Grief, the experts tell us, is not an emotion like sadness, but a process by which we come to terms with loss. Seen through that lens, in different ways and for different reasons, we are all grieving right now.
Certainly, the families and friends of the 570,000 Americans who have died in this pandemic are suffering the greatest loss. Many of them were unable even to provide comfort in sickness or to be present at the end of life. And the need for social distancing has prevented or at least impeded the group rituals and practices like vigils for the dying and funerals that provide guidance and reassurance for survivors. Funerals held via Zoom, while not uncommon today, can’t offer the same depth of emotional support.
About 31 million more Americans contracted COVID and survived. But there, too, is loss. The Centers for Disease Control and Prevention noted as early as last July that “prolonged symptom duration and disability are common in adults hospitalized with severe coronavirus disease.” As many as 80 percent of patients continue to have bothersome symptoms three months after the onset of COVID-19. A smaller, but troubling subset of survivors — the so-called “long-haulers” — may suffer from fatigue, body aches, shortness of breath, difficulty concentrating, inability to exercise, headache, and difficulty sleeping. Without certainty when or if those symptoms will subside, they are left in an emotional limbo, mourning the loss of the lives they knew.
Another group particularly hard hit are health care workers. A recent article in the Journal of Pain and Symptom Management calls health care workers “witnesses and victims both” and cautions that “special attention must be paid to our Health Care Worker (HCW) trainees, who may have not yet developed personal or professional grief management strategies and are coming into health care practice during a time of great disruption to both teaching and clinical care.” In an interview with USA Today, David Kessler, the founder of Grief.com, put it this way: “They’re [HCWs] always second-guessing themselves, wondering if they could do more. Nurses and doctors are seeing multiple deaths in a day, and they’re sitting with the anguish of the families. No one has been trained for this much death.”
Even those lucky enough to have never been directly impacted by COVID have experienced the loss of gatherings with family, social networks, freedom to travel, in-person classrooms, financial security, and even a feeling of safety and confidence about the future.
Writing in the journal Psychoneuroendocrinology, researchers from Rice University caution that the effects of grief, particularly long-term or “complicated grief,” may be as physically damaging as any disease. Among the list of grief-induced maladies are trouble sleeping, higher blood pressure, depression, even serious inflammation.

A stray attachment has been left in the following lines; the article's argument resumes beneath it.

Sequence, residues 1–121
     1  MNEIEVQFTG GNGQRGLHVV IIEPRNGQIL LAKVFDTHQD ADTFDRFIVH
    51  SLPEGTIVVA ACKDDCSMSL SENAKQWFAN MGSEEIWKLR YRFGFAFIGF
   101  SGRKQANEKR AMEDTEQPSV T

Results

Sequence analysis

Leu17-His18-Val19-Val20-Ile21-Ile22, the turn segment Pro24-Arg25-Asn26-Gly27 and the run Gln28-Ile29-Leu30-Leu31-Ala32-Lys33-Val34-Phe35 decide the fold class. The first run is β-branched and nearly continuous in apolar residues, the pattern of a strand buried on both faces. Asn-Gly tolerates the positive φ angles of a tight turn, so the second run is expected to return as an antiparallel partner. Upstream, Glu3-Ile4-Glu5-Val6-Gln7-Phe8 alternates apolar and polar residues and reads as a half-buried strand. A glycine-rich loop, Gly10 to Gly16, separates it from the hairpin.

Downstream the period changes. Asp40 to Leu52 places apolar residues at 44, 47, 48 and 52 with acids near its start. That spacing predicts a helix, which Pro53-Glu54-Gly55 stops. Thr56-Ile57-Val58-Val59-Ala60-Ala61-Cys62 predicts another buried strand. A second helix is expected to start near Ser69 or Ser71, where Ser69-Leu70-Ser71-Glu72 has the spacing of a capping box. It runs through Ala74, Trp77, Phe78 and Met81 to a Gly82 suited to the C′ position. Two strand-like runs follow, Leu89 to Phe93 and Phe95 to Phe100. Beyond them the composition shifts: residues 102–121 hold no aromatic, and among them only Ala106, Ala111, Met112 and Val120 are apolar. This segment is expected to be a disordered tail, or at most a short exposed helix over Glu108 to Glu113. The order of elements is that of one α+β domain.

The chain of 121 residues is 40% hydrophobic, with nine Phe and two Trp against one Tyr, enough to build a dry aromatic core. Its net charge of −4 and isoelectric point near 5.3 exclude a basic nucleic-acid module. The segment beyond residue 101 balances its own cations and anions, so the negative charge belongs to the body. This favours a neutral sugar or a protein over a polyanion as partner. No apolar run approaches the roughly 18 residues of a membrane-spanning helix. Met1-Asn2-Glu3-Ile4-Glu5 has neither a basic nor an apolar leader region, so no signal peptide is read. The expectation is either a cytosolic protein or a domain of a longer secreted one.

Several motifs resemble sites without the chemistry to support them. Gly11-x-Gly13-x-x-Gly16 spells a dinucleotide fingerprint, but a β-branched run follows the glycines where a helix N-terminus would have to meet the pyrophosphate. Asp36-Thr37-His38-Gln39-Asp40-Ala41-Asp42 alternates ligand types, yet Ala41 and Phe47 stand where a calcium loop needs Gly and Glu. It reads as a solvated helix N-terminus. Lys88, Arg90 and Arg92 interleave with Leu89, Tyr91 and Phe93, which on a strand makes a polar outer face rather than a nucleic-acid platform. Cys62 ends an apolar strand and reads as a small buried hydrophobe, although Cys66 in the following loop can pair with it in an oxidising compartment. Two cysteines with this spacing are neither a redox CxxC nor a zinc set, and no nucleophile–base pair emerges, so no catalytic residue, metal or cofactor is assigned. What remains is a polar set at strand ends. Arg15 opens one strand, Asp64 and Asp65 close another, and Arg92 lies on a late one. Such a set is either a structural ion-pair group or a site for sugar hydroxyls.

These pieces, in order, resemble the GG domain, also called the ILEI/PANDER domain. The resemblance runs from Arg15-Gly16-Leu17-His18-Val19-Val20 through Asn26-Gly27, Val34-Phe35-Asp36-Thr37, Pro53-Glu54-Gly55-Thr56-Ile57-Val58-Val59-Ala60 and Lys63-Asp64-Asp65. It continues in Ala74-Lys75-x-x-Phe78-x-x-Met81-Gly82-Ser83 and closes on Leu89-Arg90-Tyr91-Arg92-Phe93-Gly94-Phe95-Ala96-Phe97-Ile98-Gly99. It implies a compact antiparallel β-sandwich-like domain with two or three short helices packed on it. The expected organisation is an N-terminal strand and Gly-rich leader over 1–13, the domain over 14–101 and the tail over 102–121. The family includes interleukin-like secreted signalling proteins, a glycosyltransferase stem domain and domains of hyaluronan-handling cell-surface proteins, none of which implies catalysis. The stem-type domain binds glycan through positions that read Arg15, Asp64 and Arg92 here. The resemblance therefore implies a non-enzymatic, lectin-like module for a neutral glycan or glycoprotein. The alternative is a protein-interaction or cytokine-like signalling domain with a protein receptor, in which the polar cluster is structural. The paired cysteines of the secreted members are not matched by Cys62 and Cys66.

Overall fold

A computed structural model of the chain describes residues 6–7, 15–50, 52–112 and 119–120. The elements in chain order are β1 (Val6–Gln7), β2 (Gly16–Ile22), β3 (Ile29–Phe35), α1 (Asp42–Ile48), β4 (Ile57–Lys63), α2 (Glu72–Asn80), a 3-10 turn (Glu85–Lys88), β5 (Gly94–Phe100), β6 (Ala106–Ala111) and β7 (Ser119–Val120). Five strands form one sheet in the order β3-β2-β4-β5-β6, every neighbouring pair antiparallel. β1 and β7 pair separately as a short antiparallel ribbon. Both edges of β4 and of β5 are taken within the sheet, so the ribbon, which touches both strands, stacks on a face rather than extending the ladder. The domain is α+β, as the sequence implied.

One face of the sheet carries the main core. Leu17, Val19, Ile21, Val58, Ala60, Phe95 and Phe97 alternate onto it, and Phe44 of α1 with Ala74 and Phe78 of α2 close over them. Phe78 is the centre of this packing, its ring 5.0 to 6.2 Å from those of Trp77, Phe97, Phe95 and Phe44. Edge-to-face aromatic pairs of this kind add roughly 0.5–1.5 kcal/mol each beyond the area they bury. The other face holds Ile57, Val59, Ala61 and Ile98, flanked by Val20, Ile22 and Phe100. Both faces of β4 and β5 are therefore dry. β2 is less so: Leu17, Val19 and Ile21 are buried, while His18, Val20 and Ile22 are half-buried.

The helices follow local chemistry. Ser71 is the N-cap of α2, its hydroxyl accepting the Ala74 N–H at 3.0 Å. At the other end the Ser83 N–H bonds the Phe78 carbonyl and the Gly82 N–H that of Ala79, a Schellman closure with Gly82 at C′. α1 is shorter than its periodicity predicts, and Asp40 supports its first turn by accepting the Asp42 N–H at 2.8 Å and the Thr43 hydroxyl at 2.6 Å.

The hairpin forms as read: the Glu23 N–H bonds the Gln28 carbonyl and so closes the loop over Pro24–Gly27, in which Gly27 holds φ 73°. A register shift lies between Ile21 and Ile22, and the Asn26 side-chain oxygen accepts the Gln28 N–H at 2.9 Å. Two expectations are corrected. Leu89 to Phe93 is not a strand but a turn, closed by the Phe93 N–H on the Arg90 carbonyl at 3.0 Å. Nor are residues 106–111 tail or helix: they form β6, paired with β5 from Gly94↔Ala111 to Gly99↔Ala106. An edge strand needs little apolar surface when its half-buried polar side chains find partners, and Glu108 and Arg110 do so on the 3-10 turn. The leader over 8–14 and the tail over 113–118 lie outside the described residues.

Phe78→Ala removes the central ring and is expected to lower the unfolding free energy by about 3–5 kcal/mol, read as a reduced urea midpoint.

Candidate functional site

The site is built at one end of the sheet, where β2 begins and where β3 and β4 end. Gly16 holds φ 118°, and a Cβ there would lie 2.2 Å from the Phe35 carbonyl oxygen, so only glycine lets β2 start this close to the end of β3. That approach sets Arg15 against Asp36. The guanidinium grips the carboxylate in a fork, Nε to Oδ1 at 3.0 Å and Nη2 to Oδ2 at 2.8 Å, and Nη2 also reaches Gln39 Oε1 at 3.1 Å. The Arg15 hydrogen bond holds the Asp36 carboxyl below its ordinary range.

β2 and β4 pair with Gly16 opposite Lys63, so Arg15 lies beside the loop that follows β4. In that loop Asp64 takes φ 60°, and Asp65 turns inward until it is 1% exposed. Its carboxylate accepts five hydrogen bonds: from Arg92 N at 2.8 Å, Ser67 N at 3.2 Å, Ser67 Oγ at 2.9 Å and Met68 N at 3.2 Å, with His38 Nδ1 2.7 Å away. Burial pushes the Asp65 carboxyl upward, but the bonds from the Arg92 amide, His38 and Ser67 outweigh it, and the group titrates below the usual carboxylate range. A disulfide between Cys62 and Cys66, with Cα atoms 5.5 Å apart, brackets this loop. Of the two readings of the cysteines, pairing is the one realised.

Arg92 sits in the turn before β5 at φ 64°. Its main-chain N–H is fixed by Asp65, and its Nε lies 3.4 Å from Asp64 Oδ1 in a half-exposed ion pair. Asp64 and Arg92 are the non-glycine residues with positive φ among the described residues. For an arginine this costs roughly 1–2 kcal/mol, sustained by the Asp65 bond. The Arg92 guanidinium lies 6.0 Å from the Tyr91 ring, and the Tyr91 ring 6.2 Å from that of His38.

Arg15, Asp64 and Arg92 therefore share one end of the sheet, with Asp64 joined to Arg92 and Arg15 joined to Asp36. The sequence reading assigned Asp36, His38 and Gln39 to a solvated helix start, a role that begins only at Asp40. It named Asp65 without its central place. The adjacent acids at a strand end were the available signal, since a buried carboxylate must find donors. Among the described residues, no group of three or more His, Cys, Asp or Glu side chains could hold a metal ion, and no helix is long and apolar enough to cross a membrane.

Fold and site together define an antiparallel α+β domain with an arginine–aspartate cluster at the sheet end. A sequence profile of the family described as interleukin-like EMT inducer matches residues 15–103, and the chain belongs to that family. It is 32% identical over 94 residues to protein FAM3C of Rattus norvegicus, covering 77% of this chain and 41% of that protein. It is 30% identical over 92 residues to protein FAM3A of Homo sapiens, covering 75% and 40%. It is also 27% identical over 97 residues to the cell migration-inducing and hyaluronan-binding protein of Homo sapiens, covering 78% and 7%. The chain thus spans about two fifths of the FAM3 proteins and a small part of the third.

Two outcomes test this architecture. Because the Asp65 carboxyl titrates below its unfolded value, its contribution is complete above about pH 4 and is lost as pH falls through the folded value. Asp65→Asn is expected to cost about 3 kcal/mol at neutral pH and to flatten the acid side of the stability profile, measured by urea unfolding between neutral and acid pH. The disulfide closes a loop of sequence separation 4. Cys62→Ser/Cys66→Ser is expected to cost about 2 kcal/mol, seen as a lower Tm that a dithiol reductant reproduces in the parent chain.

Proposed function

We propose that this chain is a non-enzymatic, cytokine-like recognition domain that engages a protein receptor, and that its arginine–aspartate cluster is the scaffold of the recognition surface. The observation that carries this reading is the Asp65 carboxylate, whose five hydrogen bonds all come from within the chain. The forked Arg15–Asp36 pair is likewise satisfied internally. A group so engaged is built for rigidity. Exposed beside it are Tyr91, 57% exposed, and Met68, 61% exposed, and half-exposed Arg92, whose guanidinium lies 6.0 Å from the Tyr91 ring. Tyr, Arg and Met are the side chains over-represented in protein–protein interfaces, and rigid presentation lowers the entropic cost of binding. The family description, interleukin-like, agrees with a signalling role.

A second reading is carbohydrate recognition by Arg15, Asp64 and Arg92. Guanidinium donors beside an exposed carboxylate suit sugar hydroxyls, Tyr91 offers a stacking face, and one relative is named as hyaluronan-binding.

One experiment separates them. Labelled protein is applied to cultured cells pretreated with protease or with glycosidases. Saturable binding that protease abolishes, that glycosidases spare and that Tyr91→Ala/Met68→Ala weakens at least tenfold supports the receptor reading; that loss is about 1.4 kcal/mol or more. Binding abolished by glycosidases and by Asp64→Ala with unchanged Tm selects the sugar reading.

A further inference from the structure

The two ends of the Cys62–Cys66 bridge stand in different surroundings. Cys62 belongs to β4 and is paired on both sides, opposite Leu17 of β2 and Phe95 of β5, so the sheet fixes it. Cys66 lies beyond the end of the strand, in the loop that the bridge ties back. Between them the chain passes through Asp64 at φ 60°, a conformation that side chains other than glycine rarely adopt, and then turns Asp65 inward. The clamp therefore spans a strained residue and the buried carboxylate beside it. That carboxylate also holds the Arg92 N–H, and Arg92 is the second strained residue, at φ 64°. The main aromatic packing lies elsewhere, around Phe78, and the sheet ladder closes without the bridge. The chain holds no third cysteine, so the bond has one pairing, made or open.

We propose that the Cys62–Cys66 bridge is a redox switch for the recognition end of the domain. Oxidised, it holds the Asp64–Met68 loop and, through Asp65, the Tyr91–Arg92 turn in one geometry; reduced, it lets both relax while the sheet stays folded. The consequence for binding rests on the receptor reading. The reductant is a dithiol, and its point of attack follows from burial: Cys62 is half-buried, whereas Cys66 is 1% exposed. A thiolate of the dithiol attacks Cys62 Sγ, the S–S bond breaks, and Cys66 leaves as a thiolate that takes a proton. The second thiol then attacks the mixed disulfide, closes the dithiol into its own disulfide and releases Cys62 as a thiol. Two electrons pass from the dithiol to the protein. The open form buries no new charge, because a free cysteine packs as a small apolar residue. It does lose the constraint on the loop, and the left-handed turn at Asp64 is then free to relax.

So, what is to be done? We have experienced loss, but the experience is not over. How can we process our loss, make sense of it, or at least reconcile it so we can move forward and live the best lives we can? And what can we do for our patients, colleagues, and families to help them?
On the April 22 edition of Virtual Face to Face with President Bruce Jarrell, substitute host and the Bill and Joanne Conway Dean of the University of Maryland School of Nursing Jane M. Kirschling, PhD, RN, FAAN, explored these issues with two guest experts. Rev. Susan Carole Roy, DMin, BCC, is director of pastoral care services at the University of Maryland Medical Center. She has served in that role for nearly 24 years, providing spiritual care, crisis intervention, family conferences, consultation on end-of-life issues, and help with treatment decisions. Roy was joined by John Cagle, PhD, MSW, associate professor in the University of Maryland School of Social Work. His work has focused on end-of-life, hospice, and palliative care issues, identifying effective models of care and support for dying patients and their families — and implementing those models into routine clinical practice. His research is informed by nearly a decade of clinical work as a hospice social worker.
Watch their discussion, including questions from the audience, by accessing the link at the top of this page.